An estimated twenty thousand people died in the Croatian war. About a hundred thousand were killed in Bosnia. The much higher death toll in Bosnia reflects its greater ethnic diversity—more territory to be cleansed—and the relative defenselessness of the Bosniak population. More than 80 percent of the civilians killed were Bosniak 7. Overall across the region, two civilians were killed for every three soldiers who died in battle. The whole conflict was characterized by random brutality. Psychopaths were made masters of the life and death of their former neighbors. Their barbarity was invariably sanctified by the nationalist leaders as self-defense against an enemy depicted in grotesque terms, as either Nazi Ustasha, wild-eyed Islamic fundamentalists, or Serb Chetnik marauders (e).
The genocide of the Nazi era had set a precedent for mass killing that was never erased, only half buried under Tito’s slogan “Brotherhood and Unity.” Half a century later, the ghosts of Yugoslavia’s past arose and nationalism once more cut like a hacksaw through the human bonds that had held diverse communities together, unleashing murder. In the name of the nation, everything would be allowed.
The Serbs were by no means alone in committing mass atrocities. Croatia was also responsible for the ethnic cleansing of Serbs from its territory, as well as Muslims from the parts of Bosnia that Croatian nationalists coveted. The Muslim-led Bosnian army carried out serious crimes, running a small but appalling prison camp just southwest of Sarajevo, for example. The Kosovo Liberation Army carried out brutal reprisals against Serb civilians. Members of all these groups were brought before the ICTY for judgment. But Serbs were responsible for most of the mass atrocities and accordingly Serb names made up the majority of The Hague’s wanted list.
Faced with such an enormous moral challenge at a time of volcanic upheaval across the whole of Europe, Western leaders dithered. Neither they nor their armies were equipped doctrinally or intellectually to halt the Balkan atrocities in 1992. A newly united Europe failed its first great test. Its troops had rehearsed fighting as junior members of an alliance against a massed Warsaw Pact offensive on the German plains. They had not been trained to parachute into an ethnic conflict.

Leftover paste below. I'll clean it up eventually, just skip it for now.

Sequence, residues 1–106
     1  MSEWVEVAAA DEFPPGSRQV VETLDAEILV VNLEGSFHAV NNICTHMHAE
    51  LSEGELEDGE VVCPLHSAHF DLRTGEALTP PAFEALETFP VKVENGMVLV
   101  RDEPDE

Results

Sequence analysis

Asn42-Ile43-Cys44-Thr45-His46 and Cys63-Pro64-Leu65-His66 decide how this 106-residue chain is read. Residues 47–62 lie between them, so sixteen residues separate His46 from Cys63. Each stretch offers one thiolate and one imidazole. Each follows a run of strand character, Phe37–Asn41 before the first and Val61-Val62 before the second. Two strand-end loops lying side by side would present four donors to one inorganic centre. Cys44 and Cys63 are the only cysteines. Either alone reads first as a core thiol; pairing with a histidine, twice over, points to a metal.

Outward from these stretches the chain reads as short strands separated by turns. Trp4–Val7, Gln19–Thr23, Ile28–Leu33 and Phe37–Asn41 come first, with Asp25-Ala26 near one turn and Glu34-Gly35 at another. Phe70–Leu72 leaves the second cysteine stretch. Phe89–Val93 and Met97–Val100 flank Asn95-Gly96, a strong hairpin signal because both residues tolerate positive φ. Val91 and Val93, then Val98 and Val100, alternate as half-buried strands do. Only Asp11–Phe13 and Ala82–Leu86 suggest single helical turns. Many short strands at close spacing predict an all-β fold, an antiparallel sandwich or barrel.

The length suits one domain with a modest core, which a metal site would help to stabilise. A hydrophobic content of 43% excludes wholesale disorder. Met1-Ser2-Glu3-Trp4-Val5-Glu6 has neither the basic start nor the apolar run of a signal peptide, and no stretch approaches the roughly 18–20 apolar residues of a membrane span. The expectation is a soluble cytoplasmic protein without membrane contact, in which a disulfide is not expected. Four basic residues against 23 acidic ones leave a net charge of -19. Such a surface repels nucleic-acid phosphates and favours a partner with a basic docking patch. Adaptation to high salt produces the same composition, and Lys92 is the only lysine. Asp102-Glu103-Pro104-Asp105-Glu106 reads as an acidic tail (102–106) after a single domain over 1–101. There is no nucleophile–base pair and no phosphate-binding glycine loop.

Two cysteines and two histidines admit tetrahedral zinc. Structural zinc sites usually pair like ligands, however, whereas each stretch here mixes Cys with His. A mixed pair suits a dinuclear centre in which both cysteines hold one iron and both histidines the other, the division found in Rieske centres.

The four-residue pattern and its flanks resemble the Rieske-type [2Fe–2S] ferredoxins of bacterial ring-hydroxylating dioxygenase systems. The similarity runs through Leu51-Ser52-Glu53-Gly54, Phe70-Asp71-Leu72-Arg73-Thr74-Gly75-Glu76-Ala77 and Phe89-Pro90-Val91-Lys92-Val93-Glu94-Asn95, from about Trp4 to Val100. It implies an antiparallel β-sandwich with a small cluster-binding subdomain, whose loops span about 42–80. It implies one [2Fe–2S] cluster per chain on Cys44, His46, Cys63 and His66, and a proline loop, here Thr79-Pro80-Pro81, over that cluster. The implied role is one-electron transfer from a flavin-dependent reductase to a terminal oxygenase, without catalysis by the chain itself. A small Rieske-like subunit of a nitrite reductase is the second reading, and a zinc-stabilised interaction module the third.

Meanwhile, the American military was still recovering from the trauma of Vietnam. Colin Powell, who was the chairman of the Joint Chiefs of Staff when Yugoslavia collapsed, had gone to fight in Indochina as a young officer and then spent much of his military career trying to ensure his country did not repeat the mistake. His eponymous doctrine stipulated that the United States should only go to war if it could deploy overwhelming force for clearly defined national interests with broad public support. Bosnia ticked between one and zero of those boxes.
On the campaign trail in 1992, Bill Clinton had promised to use American military might to stop the mass killing in Bosnia 8, but once he was in office that promise was quickly forgotten. The young president, who had avoided serving in Vietnam, did not have the confidence to take on the military.
Unwilling to intervene to stop the slaughter, the UN Security Council took two initiatives to try to mitigate it. It sent in peacekeepers to safeguard deliveries of humanitarian aid, and it established the ICTY to prosecute war crimes in the hope of deterring further atrocities.
Blue-helmeted UN troops were sent into the thick of the war, but they arrived shackled with restrictive rules of engagement that allowed them to open fire only to defend themselves, not to protect the civilian victims falling like mown grass around them. By escorting aid convoys, the UN Protection Force (UNPROFOR) could stop Bosnians from starving, but not from being shot or blown apart. They became passive witnesses to genocide. At times their compliance with Serb intimidation went to the very edges of complicity.
So when the UN Security Council gathered in February 1993 to vote the Hague Tribunal into life,a the global powers already owed a huge debt to the victims of Yugoslavia, and the rhetoric of the occasion made weighty promises of what the new court would achieve.
“There is an echo in this Chamber today,” declared Madeleine Albright, the American envoy to the UN and a former refugee from genocide herself. “The Nuremberg Principles have been reaffirmed … this will be no victors’ tribunal. The only victor that will prevail in this endeavor is the truth.”9